Researching the extruder was a bit frustrating, as I could not print one, and to make anything like the wades extruder would be quite a task to complete. I researched the way the extruder work and started to design my own. First attempt had spring loaded filament guide like the wades, but I realised soon that it would take a lot of time and trial and error to pull this one off. Not impossible, but there must be a simpler solution.
And there was!
My extruder is a single block of wood. Yep, it has a hobbed bolt going through the middle. I drilled a hole for the filament to go through the block and past the hobbed bolt. I then drilled another bigger hole right next to it for a bolt to go in. The holes sort of blends into each other and form an oval-shaped hole. I put a bolt/screw down the hole with a brass shim between the bolt and the hobbed bolt. Look at the photos, I am sure you get the idea by looking at them.
When the filament is pushed down it get pressed between the hobbed bolt and the brass shim. By turning the screw/bolt up or down I can adjust the pressure that the shim puts on the filament against the hobbed bolt. Quite good I reckon. And the beauty of it is, it actually works! As a matter of fact, it works fantastic. It is also very simple to make. But make sure to clean it out well. No saw dust must be allowed into the nozzle…it will block. I have not sealed it in any way, just blown off any dust.
It may not be the most sophisticated extruder, but this printer I am building is going to be used to make parts for my next. All I want is a working printer made from what I have got.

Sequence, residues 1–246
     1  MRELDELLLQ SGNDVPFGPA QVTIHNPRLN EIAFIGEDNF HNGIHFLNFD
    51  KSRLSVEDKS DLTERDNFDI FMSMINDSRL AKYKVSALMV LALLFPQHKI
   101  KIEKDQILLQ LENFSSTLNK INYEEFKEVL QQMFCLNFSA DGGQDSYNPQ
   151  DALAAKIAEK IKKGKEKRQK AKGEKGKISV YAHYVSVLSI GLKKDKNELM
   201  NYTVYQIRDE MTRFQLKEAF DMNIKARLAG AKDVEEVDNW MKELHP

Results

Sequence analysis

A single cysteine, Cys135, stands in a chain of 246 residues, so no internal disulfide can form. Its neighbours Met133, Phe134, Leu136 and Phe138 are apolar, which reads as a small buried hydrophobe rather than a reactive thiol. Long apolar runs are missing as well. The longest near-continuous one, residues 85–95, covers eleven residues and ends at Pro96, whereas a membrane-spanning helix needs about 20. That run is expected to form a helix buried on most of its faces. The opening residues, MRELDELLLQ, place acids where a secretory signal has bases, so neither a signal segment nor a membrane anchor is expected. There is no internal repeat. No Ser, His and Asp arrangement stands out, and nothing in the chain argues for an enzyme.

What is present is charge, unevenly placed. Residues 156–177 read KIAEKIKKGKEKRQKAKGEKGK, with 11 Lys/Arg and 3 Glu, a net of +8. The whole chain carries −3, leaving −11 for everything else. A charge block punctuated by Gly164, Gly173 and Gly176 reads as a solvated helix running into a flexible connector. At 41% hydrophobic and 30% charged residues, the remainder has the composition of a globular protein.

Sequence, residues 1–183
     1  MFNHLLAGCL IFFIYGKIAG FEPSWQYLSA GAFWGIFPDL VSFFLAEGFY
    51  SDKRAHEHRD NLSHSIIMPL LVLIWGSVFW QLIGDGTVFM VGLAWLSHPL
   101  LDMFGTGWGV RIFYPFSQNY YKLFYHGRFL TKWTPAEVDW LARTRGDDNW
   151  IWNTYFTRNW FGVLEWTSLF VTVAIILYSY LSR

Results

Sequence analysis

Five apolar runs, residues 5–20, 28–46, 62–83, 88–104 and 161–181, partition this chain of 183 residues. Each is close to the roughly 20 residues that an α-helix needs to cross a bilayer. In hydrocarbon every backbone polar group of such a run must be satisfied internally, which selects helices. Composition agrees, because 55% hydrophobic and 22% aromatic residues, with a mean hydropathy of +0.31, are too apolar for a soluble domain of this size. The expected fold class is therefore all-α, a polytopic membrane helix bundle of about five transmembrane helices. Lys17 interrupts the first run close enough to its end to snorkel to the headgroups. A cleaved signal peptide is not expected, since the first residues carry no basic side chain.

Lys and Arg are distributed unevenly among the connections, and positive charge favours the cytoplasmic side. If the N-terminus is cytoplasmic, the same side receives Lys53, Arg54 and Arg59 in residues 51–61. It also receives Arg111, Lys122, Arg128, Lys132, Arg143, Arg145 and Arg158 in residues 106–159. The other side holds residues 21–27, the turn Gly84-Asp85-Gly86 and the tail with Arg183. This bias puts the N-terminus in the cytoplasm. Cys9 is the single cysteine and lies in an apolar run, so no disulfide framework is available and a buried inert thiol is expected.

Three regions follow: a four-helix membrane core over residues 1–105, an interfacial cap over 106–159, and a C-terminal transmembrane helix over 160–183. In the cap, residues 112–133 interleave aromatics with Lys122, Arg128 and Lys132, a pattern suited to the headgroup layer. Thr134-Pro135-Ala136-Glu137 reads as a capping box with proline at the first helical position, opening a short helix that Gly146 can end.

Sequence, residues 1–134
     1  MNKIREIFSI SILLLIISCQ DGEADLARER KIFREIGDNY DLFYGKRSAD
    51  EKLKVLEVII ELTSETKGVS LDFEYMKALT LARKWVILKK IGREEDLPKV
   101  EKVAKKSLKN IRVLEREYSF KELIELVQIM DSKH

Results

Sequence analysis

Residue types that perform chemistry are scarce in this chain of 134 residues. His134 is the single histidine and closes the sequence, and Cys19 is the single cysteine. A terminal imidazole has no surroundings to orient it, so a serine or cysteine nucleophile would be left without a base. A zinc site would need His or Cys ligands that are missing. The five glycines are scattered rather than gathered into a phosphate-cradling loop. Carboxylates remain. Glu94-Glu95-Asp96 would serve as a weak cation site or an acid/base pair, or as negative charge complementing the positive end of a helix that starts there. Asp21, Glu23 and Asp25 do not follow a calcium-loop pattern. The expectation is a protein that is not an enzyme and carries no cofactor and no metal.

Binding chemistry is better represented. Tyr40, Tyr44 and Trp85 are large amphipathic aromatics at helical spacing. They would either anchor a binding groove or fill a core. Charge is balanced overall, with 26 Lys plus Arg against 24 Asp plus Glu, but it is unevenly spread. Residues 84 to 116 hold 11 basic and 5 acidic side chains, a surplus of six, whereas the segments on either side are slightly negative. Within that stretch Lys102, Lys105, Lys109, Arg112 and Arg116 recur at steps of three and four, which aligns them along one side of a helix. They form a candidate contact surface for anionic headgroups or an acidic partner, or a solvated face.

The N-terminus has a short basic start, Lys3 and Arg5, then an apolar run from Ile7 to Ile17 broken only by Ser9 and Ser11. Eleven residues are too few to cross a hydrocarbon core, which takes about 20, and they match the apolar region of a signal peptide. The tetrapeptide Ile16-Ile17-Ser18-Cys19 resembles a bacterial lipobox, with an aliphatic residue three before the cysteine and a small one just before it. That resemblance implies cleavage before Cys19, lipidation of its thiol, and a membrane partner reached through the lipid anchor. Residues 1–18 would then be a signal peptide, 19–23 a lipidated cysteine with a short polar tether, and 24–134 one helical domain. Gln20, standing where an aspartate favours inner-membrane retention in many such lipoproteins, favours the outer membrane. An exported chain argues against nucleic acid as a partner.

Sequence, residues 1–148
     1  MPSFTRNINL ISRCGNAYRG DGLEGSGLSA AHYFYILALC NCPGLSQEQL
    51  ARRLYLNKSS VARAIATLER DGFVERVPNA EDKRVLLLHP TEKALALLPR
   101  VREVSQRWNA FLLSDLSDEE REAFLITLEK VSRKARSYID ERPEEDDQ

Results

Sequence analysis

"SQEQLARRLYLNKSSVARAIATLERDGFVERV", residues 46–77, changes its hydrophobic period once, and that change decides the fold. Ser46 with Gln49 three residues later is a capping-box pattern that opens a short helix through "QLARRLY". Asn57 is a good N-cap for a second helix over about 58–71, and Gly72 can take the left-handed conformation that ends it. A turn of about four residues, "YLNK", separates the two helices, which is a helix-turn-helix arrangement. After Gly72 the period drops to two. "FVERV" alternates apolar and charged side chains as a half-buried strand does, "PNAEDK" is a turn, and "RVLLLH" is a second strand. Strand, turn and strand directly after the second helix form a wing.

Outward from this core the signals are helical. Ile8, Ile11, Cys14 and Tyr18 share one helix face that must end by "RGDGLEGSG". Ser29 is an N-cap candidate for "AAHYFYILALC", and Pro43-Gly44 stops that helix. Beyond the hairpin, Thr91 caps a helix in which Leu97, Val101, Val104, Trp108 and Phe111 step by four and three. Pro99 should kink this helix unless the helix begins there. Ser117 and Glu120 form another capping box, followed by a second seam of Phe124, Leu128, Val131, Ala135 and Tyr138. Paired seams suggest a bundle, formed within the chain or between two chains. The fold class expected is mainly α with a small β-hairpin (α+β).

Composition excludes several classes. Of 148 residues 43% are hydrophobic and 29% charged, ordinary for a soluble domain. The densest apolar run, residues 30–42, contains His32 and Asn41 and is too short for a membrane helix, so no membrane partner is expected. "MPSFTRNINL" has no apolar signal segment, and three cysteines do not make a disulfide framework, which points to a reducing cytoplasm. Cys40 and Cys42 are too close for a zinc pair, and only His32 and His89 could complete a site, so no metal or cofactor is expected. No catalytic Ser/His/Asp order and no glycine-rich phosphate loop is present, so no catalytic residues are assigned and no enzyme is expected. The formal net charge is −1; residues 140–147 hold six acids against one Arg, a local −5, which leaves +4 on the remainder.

In the photo above you can see my first hot end. It was a complicated design, but it did work. It had brass tube and carbon fibre tube going through the inside of the heat sink. Nightmare to clean when blocked. 🙂
Photo above shows the complete extruder assembly. It can easily be removed from the printer and serviced. It can be replaced with a pen for plotting if needed. Works great (may not look the best but….)
It also shows the current hot end I am using. MKIIb with holes drilled in the cooling pipes.
The following photos shows the same but from different angles.
The photo above shows the filament entry hole. I have 2 shims at the moment between the hobbed bolt and the adjusting bolt. Note that the screws are there to hold down the shim when reversing the filament. Sometimes the filament can catch on the shim and force it upwards. The screw head stops that.